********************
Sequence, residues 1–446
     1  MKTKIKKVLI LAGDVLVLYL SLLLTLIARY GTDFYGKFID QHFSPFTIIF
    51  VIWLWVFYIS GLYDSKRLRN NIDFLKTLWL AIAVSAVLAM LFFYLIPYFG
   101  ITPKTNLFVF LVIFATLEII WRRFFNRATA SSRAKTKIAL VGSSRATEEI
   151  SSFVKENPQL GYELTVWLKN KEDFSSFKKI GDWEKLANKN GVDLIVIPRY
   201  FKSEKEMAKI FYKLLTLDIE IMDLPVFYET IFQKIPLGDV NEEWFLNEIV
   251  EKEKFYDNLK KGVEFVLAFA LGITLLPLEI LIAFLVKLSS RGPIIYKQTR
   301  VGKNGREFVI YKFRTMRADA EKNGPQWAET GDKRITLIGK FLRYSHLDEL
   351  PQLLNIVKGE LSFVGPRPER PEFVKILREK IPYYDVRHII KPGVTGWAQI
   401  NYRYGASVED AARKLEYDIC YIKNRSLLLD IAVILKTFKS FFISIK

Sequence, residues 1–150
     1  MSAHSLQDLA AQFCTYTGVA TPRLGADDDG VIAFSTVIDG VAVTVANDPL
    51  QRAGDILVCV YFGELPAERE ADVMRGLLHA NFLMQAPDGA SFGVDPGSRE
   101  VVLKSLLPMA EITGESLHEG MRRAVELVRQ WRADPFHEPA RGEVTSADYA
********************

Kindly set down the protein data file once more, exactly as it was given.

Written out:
Sequence, residues 1–446
     1  MKTKIKKVLI LAGDVLVLYL SLLLTLIARY GTDFYGKFID QHFSPFTIIF
    51  VIWLWVFYIS GLYDSKRLRN NIDFLKTLWL AIAVSAVLAM LFFYLIPYFG
   101  ITPKTNLFVF LVIFATLEII WRRFFNRATA SSRAKTKIAL VGSSRATEEI
   151  SSFVKENPQL GYELTVWLKN KEDFSSFKKI GDWEKLANKN GVDLIVIPRY
   201  FKSEKEMAKI FYKLLTLDIE IMDLPVFYET IFQKIPLGDV NEEWFLNEIV
   251  EKEKFYDNLK KGVEFVLAFA LGITLLPLEI LIAFLVKLSS RGPIIYKQTR
   301  VGKNGREFVI YKFRTMRADA EKNGPQWAET GDKRITLIGK FLRYSHLDEL
   351  PQLLNIVKGE LSFVGPRPER PEFVKILREK IPYYDVRHII KPGVTGWAQI
   401  NYRYGASVED AARKLEYDIC YIKNRSLLLD IAVILKTFKS FFISIK

Sequence, residues 1–150
     1  MSAHSLQDLA AQFCTYTGVA TPRLGADDDG VIAFSTVIDG VAVTVANDPL
    51  QRAGDILVCV YFGELPAERE ADVMRGLLHA NFLMQAPDGA SFGVDPGSRE
   101  VVLKSLLPMA EITGESLHEG MRRAVELVRQ WRADPFHEPA RGEVTSADYA